The stock market’s recent crash means that many companies are trading at bargain price levels that have not been seen since the global financial crisis. In the short term, further declines could be ahead depending on news regarding coronavirus. However, over the coming years a stock market recovery seems likely due to the track record of equities following bear markets.
With other asset classes set to offer relatively unimpressive returns as monetary policy has become more accommodative in response to the economic challenges that are ahead, the relative appeal of undervalued stocks could be high.
The chances of a stock market recovery, and bull market, may seem to be low at the present time. The outlook for the economy is highly uncertain, and the financial impact of coronavirus is currently unknown. This could cause investor sentiment to be highly changeable in the short run.
However, over the long run, a stock market recovery appears to be highly likely. And signs are already being seen as investors react to crumbs of good news. The track record of global equities shows that even the most severe recessions and crashes have failed to keep stock prices permanently low. After every bear market there has always been a bull market. While the prospect of a sustained rise in stock prices may seem unlikely now, fiscal and monetary policy stimulus across major economies may lead to strong returns for equity investors.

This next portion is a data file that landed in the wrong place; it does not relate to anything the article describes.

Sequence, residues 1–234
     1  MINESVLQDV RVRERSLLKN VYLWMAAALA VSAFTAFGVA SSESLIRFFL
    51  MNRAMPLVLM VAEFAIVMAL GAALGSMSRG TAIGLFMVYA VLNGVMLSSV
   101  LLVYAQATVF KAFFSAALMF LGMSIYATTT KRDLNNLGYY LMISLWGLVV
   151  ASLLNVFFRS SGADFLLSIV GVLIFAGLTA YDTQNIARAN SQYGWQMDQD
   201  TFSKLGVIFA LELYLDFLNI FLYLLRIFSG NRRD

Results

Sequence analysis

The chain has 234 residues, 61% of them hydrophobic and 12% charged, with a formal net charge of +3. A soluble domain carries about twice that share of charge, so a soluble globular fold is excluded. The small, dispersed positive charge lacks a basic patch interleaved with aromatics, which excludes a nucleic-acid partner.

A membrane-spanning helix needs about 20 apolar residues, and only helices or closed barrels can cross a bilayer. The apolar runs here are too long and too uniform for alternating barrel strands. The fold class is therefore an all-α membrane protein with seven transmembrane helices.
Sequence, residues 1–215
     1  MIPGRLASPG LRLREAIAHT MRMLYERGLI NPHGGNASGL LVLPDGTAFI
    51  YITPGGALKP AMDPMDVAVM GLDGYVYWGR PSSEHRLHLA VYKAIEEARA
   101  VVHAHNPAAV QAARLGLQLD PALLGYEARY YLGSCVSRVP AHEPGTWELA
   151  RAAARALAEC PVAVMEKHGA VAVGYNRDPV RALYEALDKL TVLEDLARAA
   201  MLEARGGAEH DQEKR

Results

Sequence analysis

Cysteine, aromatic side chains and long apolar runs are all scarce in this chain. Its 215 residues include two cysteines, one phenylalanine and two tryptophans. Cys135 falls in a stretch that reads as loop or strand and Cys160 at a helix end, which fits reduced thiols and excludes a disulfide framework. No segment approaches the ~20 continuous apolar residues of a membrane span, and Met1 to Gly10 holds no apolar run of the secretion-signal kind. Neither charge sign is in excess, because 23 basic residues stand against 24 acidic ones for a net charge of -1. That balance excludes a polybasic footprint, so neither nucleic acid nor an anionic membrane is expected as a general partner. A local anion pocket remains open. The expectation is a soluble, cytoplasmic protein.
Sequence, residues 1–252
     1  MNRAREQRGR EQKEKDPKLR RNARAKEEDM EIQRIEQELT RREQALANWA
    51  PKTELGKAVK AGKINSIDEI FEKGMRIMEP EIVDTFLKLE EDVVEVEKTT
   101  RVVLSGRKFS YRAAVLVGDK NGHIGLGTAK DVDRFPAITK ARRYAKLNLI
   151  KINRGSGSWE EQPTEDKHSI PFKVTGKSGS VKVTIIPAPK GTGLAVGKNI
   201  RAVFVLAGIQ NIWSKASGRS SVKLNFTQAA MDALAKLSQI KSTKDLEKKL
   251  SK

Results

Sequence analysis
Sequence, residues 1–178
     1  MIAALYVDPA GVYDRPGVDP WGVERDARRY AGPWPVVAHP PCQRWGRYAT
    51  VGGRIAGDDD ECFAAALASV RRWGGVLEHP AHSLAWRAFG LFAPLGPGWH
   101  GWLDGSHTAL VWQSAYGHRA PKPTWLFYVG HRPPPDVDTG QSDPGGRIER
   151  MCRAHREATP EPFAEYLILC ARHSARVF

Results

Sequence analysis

As such, through allocating your capital to stocks at the present time, you can take advantage of a likely recovery over the long run that could boost your portfolio returns.
Do low valuations mean bargain stocks?
As mentioned, many stocks are trading at prices last seen during the financial crisis. This may dissuade some investors from buying them, but it could prove to be a logical time to add them to your portfolio.
Most investors seek to buy stocks when they are trading at low prices, and sell them when they trade at higher prices. For them to be cheap, there usually must be a clear reason, such as a recession. While economic challenges can cause some companies to go out of business, buying financially-sound businesses while they offer wide margins of safety can be a shrewd move.
Not only do they have a high chance of surviving the current crisis, they may be able to gain market share and generate higher returns in the long run.
While equities may offer improving returns in the coming years, other mainstream assets such as cash and bonds could struggle to produce inflation-beating performances. Low interest rates may remain in place for some time, as policymakers seek to boost the economy’s prospects. Therefore, on a relative basis the appeal of stocks could be exceptionally high.
Through buying a diverse range of companies, you can reduce your overall risks. They may take time to produce high returns, but in the coming years, equities may prove to be a relatively attractive asset class that is worth buying today.
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Views expressed on the companies mentioned in this article are those of the writer and therefore may differ from the official recommendations we make in our subscription services such as Share Advisor, Hidden Winners and Pro. Here at The Motley Fool we believe that considering a diverse range of insights makes us better investors.